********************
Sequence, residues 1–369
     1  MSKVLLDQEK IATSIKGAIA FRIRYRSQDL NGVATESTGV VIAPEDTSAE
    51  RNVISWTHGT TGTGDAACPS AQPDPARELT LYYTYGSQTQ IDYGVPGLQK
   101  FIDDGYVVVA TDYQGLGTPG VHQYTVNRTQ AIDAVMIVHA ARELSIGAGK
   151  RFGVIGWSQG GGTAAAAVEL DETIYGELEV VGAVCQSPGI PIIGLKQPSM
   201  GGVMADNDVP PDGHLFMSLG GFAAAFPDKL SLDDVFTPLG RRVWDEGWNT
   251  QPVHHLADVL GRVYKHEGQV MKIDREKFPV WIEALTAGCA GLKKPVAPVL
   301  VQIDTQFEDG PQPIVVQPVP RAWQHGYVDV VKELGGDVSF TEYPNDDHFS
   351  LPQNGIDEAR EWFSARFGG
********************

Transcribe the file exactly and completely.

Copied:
Sequence, residues 1–369
     1  MSKVLLDQEK IATSIKGAIA FRIRYRSQDL NGVATESTGV VIAPEDTSAE
    51  RNVISWTHGT TGTGDAACPS AQPDPARELT LYYTYGSQTQ IDYGVPGLQK
   101  FIDDGYVVVA TDYQGLGTPG VHQYTVNRTQ AIDAVMIVHA ARELSIGAGK
   151  RFGVIGWSQG GGTAAAAVEL DETIYGELEV VGAVCQSPGI PIIGLKQPSM
   201  GGVMADNDVP PDGHLFMSLG GFAAAFPDKL SLDDVFTPLG RRVWDEGWNT
   251  QPVHHLADVL GRVYKHEGQV MKIDREKFPV WIEALTAGCA GLKKPVAPVL
   301  VQIDTQFEDG PQPIVVQPVP RAWQHGYVDV VKELGGDVSF TEYPNDDHFS
   351  LPQNGIDEAR EWFSARFGG